SCA and AEDs By the Numbers (And What We Can Do About It)
To kick off the National Sudden Cardiac Awareness month and to usher in October, we’re sharing a few spook-worthy statistics about SCA.
Shocking Stat #1: Each year, more than 356,000 out-of-hospital cardiac arrests (OHCA) occur in the United States.
Taken a step further, about 90% of the people who experience an OHCA will die. While these numbers are nothing short of staggering, The American Heart Association also notes that “CPR, especially if administered immediately after cardiac arrest, can double or triple a person’s chance of survival.”
What is CPR and how does it work? Cardiopulmonary resuscitation is an easy-to-learn lifesaving procedure undertaken by first responders or bystanders in an effort to maintain the flow of oxygen to and from the brain and other vital organs. Often, artificial respiration (mouth-to-mouth or bag-valve mask ventilation) accompany manual chest compressions; however, compression-only CPR is an increasingly accepted method as well.
Let’s make a dent in the statistics! Cardio Partners offers nationwide CPR training; contact us to learn more.
Shocking Stat #2: Among middle-aged adults treated for SCA, 50% had no symptoms before the onset of arrest.
Much like SCA survivor Rob Seymour (who we profiled back in March), 50% of people who experience cardiac arrest demonstrate no warning signs.
However, when we flip that stat on its head, a whopping 50% of the people who experience SCA do exhibit warning signs in the hours, days, and weeks prior to the event, and only 19% of the symptomatic patients called emergency medical services to report their symptoms (National Center for Biotechnology Information).
Be heart-aware and be on the lookout for symptoms such as:
- Pain or discomfort in the chest.
- Lightheadedness, nausea, or vomiting.
- Jaw, neck, or back pain.
- Discomfort or pain in the arm or shoulder.
- Shortness of breath.
Want to dig a little deeper? Read our post, “What’s the Difference Between a Heart Attack and Sudden Cardiac Arrest?”
Shocking Stat #3: 475,000 Americans die from a cardiac arrest every year and 17.5 million people across the globe die from cardiovascular disease each year.
These figures, courtesy of the American Heart Association and the World Heart Federation, demonstrate just how important it is to take care of your heart! Put yet another way, in the United States, SCA claims more lives than colorectal cancer, breast cancer, prostate cancer, influenza, pneumonia, auto accidents, HIV, firearms, and house fires combined.
Just last week, in celebration of World Heart Day, we shared a few of our favorite heart-healthy tips!
Shocking Stat #4: 10,000 SCAs occur in the workplace each year.
The Occupational Health and Safety Administration strongly encourages the placement of AEDs in the workplace, yet no federal regulations exist.
Take a look at this example, cited on OSHA’s website: “While standing on a fire escape during a building renovation, a 30-year-old construction worker was holding a metal pipe with both hands. The pipe contacted a high voltage line, and the worker instantly collapsed. About 4 minutes later, a rescue squad arrived and began CPR. Within six minutes the squad had defibrillated the worker. His heartbeat returned to normal and he was transported to a hospital. The worker regained consciousness and was discharged from the hospital within two weeks.”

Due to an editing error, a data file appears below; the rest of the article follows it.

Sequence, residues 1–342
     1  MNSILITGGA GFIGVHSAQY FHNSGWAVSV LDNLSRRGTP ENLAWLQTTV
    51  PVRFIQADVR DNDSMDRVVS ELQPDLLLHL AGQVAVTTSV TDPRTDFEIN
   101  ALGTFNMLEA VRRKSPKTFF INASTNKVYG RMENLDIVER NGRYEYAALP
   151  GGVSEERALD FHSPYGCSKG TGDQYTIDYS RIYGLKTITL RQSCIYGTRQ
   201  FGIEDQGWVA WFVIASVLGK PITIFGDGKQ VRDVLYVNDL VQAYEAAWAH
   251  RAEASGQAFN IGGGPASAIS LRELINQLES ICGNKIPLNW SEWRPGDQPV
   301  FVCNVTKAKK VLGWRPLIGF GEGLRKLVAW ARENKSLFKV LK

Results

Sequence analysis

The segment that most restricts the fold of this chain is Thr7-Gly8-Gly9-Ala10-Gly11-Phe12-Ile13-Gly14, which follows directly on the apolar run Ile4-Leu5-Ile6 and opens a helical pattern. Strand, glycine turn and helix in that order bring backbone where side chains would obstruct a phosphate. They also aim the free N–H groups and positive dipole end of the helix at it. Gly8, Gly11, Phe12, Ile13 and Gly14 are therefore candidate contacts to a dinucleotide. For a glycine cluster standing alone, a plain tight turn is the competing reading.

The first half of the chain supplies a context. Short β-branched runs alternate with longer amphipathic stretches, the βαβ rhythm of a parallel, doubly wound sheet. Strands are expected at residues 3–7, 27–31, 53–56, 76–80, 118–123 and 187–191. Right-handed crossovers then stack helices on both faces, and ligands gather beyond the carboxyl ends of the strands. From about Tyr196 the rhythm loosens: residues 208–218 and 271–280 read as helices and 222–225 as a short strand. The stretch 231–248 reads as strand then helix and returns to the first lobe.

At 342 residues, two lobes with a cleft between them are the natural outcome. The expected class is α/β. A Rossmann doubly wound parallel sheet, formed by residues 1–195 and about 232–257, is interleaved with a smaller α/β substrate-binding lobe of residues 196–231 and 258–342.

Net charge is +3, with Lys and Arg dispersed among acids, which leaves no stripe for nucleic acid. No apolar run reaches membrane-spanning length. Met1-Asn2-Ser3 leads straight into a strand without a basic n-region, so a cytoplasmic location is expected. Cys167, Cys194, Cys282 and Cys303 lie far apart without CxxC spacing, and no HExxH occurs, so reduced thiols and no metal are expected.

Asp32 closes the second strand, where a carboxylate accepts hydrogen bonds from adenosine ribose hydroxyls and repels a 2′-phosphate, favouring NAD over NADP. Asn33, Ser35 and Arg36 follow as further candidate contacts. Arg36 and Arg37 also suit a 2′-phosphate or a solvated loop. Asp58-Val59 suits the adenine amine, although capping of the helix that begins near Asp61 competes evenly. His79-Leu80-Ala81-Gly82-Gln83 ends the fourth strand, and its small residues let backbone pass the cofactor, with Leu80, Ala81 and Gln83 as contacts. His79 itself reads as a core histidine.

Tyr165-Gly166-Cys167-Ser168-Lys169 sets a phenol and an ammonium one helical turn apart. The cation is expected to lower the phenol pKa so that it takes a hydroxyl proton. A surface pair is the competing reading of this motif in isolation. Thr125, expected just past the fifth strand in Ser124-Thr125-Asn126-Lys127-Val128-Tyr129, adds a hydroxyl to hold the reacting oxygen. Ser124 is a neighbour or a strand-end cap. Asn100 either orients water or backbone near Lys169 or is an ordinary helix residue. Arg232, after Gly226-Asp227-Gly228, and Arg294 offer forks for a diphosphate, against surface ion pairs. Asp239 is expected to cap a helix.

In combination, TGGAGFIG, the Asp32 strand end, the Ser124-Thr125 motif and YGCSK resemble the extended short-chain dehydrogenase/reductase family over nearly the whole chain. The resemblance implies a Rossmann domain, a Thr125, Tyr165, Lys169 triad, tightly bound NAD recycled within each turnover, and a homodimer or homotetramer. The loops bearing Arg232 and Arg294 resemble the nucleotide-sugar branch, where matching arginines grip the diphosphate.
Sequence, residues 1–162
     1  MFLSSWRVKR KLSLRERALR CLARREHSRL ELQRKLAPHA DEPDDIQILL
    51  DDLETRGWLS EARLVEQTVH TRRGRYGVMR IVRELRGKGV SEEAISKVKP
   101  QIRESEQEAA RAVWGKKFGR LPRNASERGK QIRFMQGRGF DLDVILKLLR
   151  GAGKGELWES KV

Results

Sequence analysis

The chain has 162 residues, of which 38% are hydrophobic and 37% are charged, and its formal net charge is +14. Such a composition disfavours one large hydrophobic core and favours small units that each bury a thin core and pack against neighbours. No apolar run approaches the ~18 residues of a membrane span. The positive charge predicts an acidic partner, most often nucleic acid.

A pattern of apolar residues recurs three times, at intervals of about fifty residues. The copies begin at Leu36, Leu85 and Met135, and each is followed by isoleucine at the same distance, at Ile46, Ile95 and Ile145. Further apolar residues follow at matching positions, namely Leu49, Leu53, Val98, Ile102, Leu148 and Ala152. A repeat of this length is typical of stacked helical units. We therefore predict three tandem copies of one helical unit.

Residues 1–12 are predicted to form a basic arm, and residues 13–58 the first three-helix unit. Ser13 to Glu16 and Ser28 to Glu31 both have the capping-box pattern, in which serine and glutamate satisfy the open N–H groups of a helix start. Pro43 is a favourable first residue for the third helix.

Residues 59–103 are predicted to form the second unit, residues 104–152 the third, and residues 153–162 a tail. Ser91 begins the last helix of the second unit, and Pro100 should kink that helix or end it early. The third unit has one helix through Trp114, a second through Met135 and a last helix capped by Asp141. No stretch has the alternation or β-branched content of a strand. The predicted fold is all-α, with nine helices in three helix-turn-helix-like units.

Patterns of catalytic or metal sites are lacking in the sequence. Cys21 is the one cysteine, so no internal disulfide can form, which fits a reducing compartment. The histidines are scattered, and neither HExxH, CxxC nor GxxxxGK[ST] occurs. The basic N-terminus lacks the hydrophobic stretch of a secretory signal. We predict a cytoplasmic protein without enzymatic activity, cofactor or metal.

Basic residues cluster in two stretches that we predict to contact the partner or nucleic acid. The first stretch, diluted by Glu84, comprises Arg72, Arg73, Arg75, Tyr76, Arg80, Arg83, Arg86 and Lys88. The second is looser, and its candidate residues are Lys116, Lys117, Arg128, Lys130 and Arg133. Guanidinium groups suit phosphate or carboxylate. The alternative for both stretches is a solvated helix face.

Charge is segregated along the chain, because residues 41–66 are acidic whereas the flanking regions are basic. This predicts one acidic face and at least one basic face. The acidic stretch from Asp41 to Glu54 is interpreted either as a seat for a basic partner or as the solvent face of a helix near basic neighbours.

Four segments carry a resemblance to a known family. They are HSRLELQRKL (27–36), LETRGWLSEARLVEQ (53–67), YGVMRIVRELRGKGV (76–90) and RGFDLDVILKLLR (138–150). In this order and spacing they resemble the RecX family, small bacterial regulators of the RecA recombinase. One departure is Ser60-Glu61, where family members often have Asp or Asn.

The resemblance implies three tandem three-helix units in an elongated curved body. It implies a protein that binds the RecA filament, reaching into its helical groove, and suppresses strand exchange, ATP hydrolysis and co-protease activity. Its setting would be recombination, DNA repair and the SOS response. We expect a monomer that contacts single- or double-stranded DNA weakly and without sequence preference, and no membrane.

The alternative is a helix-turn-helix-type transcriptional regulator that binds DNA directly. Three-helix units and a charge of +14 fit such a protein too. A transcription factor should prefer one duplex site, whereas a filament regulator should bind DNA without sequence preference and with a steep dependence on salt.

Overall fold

What can you do to improve SCA survival rates among your employees? Implement an AED program in your workplace today! Affordable, recertified AEDs start at just $550 and implementing an emergency response plan is priceless. Ready to take the plunge? We’ll help you figure out which AED is right for you.
Shocking Stat #5: 68.5% of out-of-hospital cardiac arrests occur at home.
It should go without saying, but we’re going to go ahead and say it: saving a life is, without a doubt, the best reason for learning CPR. Because four out of five cardiac arrests occur at home, performing CPR promptly and investing in an AED for your home may save the life of someone you love.
And, in case you’re curious, 21% OHCAs occurred in public settings and 10.5% occurred in nursing homes.
Shocking Stat #6: 45% of out-of-hospital cardiac arrest victims survive when bystander CPR is administered.
See, it’s not all bad news! Not only that, but the American Heart Association recently published an article revealing that more people are stepping up to offer CPR when someone’s heart stops.
However, despite that fact that first responders are “intervening at higher levels,” survival rates remain higher for men than for women.
One of the researchers associated with the study, Dr. Carolina Malta Hansen, a researcher at Duke Clinical Research Institute, said that a number of factors might have contributed to the outcomes. “Compared to male victims of cardiac arrests, women are more likely to have cardiomyopathy, or disease of the heart muscle, and non-shockable rhythms that can’t be treated with defibrillation. Women who suffer cardiac arrests also tend to be older than men and live at home alone, with less chance of CPR being performed.”
In the article, Hansen goes on to note that there’s a great need to strengthen all the links in the chain of survival and that “the most important thing for the general public to know is that bystander intervention is paramount. You shouldn’t be afraid of doing something wrong, because anything is better than nothing: Stepping in and starting CPR and applying an AED before EMS arrives is the foundation for survival.”
For more information about purchasing a new or recertified AED for your home or workplace, or to schedule AED training or maintenance, visit AED.com or call Cardio Partners at 866-349-4362. We also welcome your emails, you can reach us at firstname.lastname@example.org.